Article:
California Day 13: Back To Crowley Lake by Bill Pike

California Day 13: Back To Crowley Lake by Bill Pike 8/18/18

I’ll admit it, my heart wasn’t really up for going back to fish Crowley Lake this morning. I was worried about embarrassing Art again with my imperfect fly rod skills. 

But, like they say when you lose your balance and fall as you attempt to learn to ride a bike, you have to get off the ground and get back on the bike for another try.

So, I’m tagging along for another try at Crowley.

We make the drive, park the car, make the short walk down to the dock, and start prepping the boat. I’m reminded of the humor from the dock attendant on Thursday. I’m sure I could be a good target for some comedy with my angling skills. That thought makes me chuckle.

img_1716It doesn’t take long as the boat engine fires, and Art has us creeping out of the harbor.

We’re heading back to the same general spot that we fished on Thursday.

Other fisherman are in the area as Art positions the boat and drops the anchors.

With the rods rigged, we start to work. It is another pretty morning, and I’m just hoping I don’t repeat Thursday’s performance.

For a long period of time, we work the water, but no bumps for either of us.

Hearts of fishermen are constructed differently. They hold on longer with hope. Hope that a fish will be drawn to the bait, lure, or fly at the end of the fishing line.

I think at this point, my hope is beginning to fade. It is quiet on the water—not much action around us.

But that suddenly changes.

Art has a tug on his line. This is not just a teaser, a real tug. The rod is bent.

He can feel the weight of the fish. Excitement is rushing through his veins. The fish is making his presence known. 

And then a funny thing happens. The fish starts to work his way around the boat.  

And then a real act of heartfelt courage occurs, Art hands the rod to me.

Now the pressure is on, I can feel this fish, I have seen him break the surface, if I lose this fish, I’ll be banned from fishing in California and maybe the rest of the world.

Thankfully, Art is coaching me as I work the fish around the boat. My ears are working taking in the recommendations from Art. 

The fish is fighting. Hoping that I will make a bad move. 

Art keeps up the coaching, he is ready to land the fish with his net in hand. Gradually, the fish tires,  and I work him toward the side of the boat where Art is waiting.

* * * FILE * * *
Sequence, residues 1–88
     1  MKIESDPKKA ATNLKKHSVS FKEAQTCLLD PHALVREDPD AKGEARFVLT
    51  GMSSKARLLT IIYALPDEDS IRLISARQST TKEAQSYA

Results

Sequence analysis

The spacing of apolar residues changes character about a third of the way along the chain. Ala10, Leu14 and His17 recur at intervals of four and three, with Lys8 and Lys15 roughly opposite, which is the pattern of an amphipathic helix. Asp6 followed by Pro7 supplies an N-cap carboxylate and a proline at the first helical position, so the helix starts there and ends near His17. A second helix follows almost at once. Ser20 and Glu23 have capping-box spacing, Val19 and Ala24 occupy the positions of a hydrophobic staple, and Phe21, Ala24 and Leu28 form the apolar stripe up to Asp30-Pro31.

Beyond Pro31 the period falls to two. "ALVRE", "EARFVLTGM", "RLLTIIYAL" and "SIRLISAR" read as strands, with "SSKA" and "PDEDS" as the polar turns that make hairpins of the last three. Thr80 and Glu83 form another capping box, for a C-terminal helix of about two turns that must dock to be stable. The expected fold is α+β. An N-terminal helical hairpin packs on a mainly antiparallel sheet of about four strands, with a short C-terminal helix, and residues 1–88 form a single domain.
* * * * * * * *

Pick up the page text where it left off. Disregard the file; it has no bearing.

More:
Gently, he positions the net under the fish, and we have him. 

img_1724It is a beautiful brown trout.

I’m thankful that I didn’t lose this fish. Photos are snapped, and then Art gently releases the brownie back into the lake.

Art quickly reworks the line, and he puts me in his position at the back of the boat.

I cast out the line, no disaster occurs. The indicator is properly positioned on the line and from what I can tell in the water.

Within a matter of minutes, my line is bumped. The indicator sinks, and I react by hopefully setting the hook.

Sure enough, the fishing gods at Crowley are with me. I have another good sized trout on the line.

Art’s coaching begins. The fish is tugging, attempting to rid itself of this fake bait, hook, and plastic line.

Whatever move the fish makes, Art, from his experiences tells me how to counter the fish.

img_1725Again, the skills of the coach prevail. Art is positioned with the net, and he lands a rainbow trout. The trout is probably equal in size to the previous brown trout.  

I feel extremely lucky to have caught back to back really nice trout. But, what really humbled me during this excitement was the willingness of Art to give up the rod on that first fish. His big heart afforded me that experience, and I will hold on to his kind sacrifice and hospitality for a long time.

We fished a bit longer, but the trout were taking a break. Pretty soon, we pulled up the anchors and headed back to the marina.

The trout success was a hot topic when we arrived back at the condo. But that was short lived as we made arrangements to drive out to McCleod Lake for a short hike.

Once again, we are blessed with another spectacular day. Lots of people are out enjoying this nice weather and all that Mammoth has to offer in the Eastern Sierras.

img_1734As we start the hike, we can see the impact of the carbon monoxide seepage as lots of once healthy trees are now bare, weather worn, skeletons. But what really catches my eyes on this hike is how clear the lake water appears.

img_1726Also, as we work the perimeter of the lake, people are scattered along in places enjoying what nature has carved out for them in this spot. No matter the activity, people seem happy and content in this beautiful setting.

The trail taps out at little over 1.5 miles. Even at a leisurely pace and with one extended stop, it doesn’t take long for us to finish the loop.

We head back into town with the hope of having lunch at Mammoth Brewing, but it is packed and there are deep lines of hungry and thirsty people.

So we take a short walk up the street for lunch at Toomey’s.  Around since 2012, Toomey’s is a favorite of locals, and its chef/owner is known for developing and showcasing his culinary skills at of all places a Mobil gas station near the entranceway into Yosemite National Park. We grab a table outside, and place  our orders.

After lunch, it is time to explore a new nano brewery in town named Black Doubt. Tucked into a tiny storefront in a shopping center, this compact brewery offers quite a punch with a variety of styles for the beer lover.  

The remainder of the afternoon was quiet. Eventually, we ended up at the pool and another stay in the jacuzzi. 

We ordered some local pizza for dinner, and tried not to think about the packing up and the drive back to Agua Dulce on Sunday morning.

I thought about the start of this last day. I was reluctant to make the fishing trip to Crowley, but look what happened. 

Thanks to Art’s kind and unselfish heart, I now have two memorable trout stories to hang on to for as long as my old heart beats.